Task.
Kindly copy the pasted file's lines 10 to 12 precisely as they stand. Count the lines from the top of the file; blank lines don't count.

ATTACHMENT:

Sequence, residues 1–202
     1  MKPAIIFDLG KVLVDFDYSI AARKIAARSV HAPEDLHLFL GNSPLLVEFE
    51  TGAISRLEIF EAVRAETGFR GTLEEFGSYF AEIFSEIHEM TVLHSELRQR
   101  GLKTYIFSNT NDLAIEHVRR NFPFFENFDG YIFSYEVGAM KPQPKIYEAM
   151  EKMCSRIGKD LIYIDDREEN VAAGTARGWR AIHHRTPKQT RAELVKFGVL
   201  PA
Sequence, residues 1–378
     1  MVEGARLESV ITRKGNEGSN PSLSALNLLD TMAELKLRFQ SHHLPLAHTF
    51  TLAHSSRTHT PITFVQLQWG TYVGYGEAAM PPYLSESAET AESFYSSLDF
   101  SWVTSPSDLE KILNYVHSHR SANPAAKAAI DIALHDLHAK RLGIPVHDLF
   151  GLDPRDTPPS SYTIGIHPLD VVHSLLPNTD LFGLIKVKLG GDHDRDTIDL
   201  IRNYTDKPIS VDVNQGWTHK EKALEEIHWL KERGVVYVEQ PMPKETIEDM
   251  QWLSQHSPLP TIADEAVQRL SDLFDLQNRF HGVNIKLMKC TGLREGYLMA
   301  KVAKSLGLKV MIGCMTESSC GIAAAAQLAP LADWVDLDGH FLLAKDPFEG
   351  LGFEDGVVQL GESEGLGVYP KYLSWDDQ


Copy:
   101  SWVTSPSDLE KILNYVHSHR SANPAAKAAI DIALHDLHAK RLGIPVHDLF
   151  GLDPRDTPPS SYTIGIHPLD VVHSLLPNTD LFGLIKVKLG GDHDRDTIDL
   201  IRNYTDKPIS VDVNQGWTHK EKALEEIHWL KERGVVYVEQ PMPKETIEDM